In Blog, Labor & Employment Blog

On March 10, 2022, the Florida legislature passed CS/HB 7 commonly known as the “Stop WOKE Act.” The Act would amend the Florida Civil Rights Act (“FCRA”), which prohibits employers with 15 or more employees from discriminating against employees because of their race, color, religion, sex, pregnancy, national origin, age, handicap, or marital status. The Act—which awaits Gov. DeSantis’ signature—would add a subsection to the FCRA making it illegal for employers to require employees to participate in any training, instruction, or other activity that “espouses, promotes, advances, inculcates, or compels” employees to believe certain concepts that, among other things, one race, sex, color, or national origin is inherently racist, sexist, oppressed, or privileged.

Gov. DeSantis is likely to sign the bill into law given his support of the bill when it was introduced in December 2021. Assuming that happens, the amendments will take effect July 1, 2022.

The Act provides that the restriction is not intended to prohibit discussion of the barred concepts as part of a training, as long as the training is done in an “objective manner.” However, there is little doubt that these amendments will effectively chill Florida employers from providing Diversity and Inclusion training and—potentially—sexual harassment training until there is further guidance on how this law will be interpreted by courts.

What do employers need to do now? It would be prudent for covered Florida employers to review their mandatory trainings—especially those trainings that focus on diversity, equity, and inclusion in the workplace. If there is any question that a particular training module could be perceived as “espousing” an idea that one race, color, sex, or national origin should be held accountable for past actions of its members, or that one set of people is historically oppressed or privileged, the employer should consider making the module voluntary. Again, this law prohibits mandatory training or instruction; so, among others, a potential way to avoid liability is to create a policy or disclaimer that makes certain training components optional. We would be happy to help you navigate through this new development. Please do not hesitate to reach out to either of us or any member of our team.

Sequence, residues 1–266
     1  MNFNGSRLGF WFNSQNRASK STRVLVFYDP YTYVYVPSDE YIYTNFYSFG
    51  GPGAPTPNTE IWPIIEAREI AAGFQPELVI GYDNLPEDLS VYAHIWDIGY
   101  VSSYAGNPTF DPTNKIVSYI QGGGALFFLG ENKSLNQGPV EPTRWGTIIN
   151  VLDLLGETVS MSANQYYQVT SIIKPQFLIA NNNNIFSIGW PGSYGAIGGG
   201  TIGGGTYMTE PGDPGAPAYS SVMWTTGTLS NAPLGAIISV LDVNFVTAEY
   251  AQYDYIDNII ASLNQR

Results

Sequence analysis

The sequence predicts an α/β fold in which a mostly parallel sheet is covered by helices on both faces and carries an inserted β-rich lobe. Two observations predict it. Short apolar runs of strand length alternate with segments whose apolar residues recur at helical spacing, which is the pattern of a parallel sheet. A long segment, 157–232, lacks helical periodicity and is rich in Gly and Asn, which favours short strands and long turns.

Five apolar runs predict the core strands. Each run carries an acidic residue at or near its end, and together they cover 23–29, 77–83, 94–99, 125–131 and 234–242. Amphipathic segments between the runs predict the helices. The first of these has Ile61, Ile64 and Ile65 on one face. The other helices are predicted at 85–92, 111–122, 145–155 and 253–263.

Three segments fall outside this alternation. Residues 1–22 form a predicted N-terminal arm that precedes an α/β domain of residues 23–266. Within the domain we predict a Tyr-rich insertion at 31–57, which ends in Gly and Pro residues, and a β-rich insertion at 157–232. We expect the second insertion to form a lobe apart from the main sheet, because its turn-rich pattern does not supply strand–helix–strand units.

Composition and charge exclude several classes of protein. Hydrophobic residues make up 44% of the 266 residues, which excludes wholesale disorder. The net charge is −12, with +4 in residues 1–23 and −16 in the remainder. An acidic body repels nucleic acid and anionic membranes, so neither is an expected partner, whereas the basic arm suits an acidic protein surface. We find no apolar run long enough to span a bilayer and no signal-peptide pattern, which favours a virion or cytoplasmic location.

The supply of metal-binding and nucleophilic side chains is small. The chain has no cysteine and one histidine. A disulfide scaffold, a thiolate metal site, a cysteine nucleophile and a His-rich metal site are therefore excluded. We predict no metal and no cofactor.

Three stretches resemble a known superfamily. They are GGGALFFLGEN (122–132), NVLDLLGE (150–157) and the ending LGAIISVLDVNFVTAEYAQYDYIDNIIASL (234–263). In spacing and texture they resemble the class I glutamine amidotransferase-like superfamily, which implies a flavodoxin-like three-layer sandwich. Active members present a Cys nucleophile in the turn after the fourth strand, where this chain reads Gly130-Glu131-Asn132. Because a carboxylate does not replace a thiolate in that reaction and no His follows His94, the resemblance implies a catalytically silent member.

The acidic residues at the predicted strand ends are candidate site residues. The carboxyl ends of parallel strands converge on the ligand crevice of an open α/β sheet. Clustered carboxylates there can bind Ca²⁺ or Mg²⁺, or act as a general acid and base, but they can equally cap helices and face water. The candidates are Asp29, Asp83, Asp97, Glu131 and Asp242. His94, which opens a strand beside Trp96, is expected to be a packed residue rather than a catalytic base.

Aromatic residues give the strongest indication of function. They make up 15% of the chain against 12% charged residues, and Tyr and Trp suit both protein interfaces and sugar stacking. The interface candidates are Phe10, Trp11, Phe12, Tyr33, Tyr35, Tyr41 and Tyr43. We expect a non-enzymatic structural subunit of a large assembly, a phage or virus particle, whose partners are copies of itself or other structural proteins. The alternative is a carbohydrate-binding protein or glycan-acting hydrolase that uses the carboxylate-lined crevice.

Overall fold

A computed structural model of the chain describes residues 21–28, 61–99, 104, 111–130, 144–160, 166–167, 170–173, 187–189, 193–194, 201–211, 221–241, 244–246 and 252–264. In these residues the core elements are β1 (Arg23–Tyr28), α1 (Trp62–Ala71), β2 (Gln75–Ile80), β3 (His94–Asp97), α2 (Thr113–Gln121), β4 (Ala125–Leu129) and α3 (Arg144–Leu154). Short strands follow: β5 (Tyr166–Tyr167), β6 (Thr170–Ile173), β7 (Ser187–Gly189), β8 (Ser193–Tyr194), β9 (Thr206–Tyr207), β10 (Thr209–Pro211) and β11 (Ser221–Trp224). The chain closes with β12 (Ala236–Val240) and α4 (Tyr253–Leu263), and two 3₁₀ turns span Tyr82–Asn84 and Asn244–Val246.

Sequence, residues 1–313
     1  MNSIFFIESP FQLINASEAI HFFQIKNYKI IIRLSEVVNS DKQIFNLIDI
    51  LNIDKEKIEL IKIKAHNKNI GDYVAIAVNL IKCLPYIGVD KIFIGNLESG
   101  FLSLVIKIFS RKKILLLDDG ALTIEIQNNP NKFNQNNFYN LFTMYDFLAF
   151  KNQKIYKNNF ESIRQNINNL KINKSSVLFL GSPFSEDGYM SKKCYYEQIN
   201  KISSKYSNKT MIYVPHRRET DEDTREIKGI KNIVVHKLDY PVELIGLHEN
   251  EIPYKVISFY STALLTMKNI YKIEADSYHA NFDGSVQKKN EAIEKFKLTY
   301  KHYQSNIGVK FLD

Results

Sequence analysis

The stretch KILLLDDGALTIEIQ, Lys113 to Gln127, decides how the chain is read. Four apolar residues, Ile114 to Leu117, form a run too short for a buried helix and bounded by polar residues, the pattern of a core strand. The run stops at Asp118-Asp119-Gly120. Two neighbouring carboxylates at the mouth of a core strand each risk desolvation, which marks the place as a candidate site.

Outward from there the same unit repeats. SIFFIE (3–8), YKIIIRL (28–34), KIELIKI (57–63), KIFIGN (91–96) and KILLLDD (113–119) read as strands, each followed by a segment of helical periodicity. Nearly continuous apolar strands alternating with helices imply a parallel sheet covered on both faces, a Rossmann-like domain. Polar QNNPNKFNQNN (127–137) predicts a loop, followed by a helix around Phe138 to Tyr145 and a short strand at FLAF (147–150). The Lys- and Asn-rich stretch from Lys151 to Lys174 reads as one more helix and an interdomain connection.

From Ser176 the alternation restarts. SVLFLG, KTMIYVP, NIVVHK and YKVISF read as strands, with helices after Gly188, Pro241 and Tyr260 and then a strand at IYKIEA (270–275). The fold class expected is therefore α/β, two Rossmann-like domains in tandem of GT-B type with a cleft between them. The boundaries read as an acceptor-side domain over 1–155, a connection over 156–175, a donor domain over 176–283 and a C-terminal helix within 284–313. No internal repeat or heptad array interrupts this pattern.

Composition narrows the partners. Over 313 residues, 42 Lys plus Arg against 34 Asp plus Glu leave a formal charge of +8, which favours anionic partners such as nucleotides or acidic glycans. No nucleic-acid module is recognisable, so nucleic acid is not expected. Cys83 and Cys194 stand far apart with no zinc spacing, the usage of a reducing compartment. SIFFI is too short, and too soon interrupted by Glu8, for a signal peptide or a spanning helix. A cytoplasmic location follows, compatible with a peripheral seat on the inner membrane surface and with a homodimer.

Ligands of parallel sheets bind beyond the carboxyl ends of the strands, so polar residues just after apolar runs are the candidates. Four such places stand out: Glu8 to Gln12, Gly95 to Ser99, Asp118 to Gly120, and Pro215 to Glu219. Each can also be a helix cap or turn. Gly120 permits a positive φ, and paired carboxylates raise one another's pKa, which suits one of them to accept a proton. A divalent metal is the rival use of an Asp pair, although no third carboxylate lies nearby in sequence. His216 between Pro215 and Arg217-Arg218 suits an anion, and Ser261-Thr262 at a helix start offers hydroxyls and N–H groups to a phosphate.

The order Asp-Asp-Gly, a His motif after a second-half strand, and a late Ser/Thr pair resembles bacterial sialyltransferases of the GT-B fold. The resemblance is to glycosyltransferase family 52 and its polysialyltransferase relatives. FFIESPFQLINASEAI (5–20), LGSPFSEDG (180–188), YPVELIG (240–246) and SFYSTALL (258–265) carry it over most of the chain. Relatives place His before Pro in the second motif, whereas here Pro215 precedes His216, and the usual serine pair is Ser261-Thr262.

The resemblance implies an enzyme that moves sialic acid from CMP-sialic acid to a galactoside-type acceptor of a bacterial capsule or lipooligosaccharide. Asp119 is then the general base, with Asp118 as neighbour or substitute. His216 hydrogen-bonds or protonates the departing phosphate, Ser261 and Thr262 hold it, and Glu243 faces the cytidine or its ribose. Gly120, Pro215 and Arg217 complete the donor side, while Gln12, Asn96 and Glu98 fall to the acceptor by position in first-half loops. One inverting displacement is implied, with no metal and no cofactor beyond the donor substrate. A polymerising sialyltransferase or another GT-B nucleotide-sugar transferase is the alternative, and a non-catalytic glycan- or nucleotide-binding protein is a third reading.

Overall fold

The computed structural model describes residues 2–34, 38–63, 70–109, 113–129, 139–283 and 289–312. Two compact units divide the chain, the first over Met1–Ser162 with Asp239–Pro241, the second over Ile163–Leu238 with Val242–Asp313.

The information contained in this document does not constitute legal advice.

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